A Dissertation on the Bite of a Rabid Animal; Being the Substance of an Essay Which Received a Prize from the Royal College of Surgeons in London, in the Year 1811

A Dissertation on the Bite of a Rabid Animal; Being the Substance of an Essay Which Received a Prize from the Royal College of Surgeons in London, in the Year 1811

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This historic book may have numerous typos and missing text. Purchasers can download a free scanned copy of the original book (without typos) from the publisher. Not indexed. Not illustrated. 1812 edition. Excerpt: ... at Worral, in Cheshire, was lick-r ed about the mouth by an infected dog, while lying asleep on the ground; " he suffered no bite, nor the slightest apparent injury of the skin: " about the usual period, however, he was seized with hydrophobia, of which he died, although every means was employed to prevent it previously previously to the attack. Such cases ought to put us very much on our guard, and they should be strictly attended to; yet I am inclined to believe that some imperceptible rasure of the skin must have taken place, or that it can only happen when applied to the lips, and such parts as are as little covered.--At different periods when persons have been bitten by rabid animals, various modes have been devised for the prevention of hy drophobia. Fortunately the numbers that have suffered have been few, when compared with those which have been bitten. With regard to the local treatment of the wound, the most popular means that have been resorted to, with the hope of preventing hydrophobia, have been sca Dr. Hamilton has adduced eight other authorities n support of this opinion. rification, rification, suction, caustics, ablution, and extirpation. Numerous prophylactics have also been proposed, and several are now in general use which do not appear to be entitled to the slightest credit. Of the different methods of treating wounds, I shall proceed to notice the use of caustics, ablution, and excision of the bitten parts. Of the use of caustics, fyc.--The destroying of parts bitten by rabid animals with caustics, was long since instituted, and even in the present day it has apparently more advocates than these remedies appear to deserve. The caustics generally employed are the pure potash, the potash and lime, the nitrate of silver, and...show more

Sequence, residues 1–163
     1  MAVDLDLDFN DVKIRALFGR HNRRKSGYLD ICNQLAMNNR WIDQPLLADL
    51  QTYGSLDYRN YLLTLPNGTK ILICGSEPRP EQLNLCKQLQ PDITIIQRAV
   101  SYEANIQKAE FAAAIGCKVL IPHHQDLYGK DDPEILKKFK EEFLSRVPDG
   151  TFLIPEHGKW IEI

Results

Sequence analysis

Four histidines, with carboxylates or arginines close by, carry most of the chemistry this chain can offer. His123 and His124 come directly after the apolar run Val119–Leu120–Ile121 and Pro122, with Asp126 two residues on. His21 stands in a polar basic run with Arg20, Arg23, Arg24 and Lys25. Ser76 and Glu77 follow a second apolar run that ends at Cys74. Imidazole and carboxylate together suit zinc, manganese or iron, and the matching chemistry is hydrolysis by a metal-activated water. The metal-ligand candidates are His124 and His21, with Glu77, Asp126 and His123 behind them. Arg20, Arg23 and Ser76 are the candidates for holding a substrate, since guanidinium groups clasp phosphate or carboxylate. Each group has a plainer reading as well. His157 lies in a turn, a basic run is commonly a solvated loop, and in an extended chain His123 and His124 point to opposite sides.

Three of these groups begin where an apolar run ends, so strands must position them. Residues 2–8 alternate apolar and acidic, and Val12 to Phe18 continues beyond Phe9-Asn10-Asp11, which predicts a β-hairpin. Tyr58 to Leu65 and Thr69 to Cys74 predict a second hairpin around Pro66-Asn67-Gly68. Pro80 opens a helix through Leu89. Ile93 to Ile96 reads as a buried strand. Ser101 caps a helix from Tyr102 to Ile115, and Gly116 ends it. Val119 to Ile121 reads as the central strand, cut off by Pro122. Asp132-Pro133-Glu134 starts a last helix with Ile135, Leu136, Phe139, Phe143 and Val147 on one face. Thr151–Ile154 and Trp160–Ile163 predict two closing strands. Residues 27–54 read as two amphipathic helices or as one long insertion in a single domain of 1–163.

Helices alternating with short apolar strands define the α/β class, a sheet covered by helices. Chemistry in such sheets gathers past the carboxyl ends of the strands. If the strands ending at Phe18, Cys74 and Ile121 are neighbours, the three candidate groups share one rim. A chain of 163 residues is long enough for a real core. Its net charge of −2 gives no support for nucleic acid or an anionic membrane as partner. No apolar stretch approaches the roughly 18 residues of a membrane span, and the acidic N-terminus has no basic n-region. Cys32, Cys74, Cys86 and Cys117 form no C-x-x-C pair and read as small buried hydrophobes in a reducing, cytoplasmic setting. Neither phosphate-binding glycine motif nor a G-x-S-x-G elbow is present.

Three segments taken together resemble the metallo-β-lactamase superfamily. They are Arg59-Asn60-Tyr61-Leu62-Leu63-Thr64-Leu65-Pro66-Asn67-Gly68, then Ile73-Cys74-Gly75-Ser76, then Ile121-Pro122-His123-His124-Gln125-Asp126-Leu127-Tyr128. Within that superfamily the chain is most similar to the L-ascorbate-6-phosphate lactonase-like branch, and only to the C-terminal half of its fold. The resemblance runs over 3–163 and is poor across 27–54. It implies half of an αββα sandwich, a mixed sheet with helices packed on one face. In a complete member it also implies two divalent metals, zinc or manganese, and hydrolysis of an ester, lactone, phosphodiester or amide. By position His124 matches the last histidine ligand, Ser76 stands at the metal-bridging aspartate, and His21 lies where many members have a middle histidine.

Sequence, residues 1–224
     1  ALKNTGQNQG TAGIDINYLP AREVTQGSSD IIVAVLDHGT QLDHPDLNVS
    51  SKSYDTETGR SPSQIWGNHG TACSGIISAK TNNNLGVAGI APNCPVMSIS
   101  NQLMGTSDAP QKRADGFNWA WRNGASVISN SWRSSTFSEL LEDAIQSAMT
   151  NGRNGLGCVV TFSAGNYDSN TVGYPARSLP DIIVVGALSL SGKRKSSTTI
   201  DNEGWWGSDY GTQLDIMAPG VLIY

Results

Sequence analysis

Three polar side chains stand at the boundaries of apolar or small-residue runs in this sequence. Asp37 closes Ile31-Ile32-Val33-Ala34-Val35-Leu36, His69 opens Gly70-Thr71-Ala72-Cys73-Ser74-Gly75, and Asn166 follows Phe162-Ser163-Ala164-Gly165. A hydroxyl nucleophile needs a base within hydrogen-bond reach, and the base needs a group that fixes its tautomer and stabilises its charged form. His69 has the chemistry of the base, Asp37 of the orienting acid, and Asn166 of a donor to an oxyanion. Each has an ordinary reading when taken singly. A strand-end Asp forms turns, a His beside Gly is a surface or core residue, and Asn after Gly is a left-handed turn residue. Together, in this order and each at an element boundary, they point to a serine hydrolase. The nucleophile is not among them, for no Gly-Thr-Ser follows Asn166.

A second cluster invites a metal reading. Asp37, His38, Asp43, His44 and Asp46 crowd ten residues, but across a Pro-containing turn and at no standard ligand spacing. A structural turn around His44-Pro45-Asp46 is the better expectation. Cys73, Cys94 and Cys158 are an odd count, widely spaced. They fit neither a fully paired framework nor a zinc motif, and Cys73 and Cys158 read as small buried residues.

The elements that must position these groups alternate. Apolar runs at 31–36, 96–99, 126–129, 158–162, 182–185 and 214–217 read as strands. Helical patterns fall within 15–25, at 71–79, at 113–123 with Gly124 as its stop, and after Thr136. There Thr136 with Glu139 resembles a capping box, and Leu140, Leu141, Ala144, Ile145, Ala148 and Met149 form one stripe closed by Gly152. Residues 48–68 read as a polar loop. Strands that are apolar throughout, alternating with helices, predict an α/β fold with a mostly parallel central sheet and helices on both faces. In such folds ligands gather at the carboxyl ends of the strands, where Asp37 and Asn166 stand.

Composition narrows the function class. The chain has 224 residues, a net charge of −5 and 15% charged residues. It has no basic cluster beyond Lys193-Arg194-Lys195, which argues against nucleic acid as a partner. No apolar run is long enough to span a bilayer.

Product details

  • Paperback | 26 pages
  • 189 x 246 x 1mm | 68g
  • Rarebooksclub.com
  • Miami Fl, United States
  • English
  • black & white illustrations
  • 1236657551
  • 9781236657558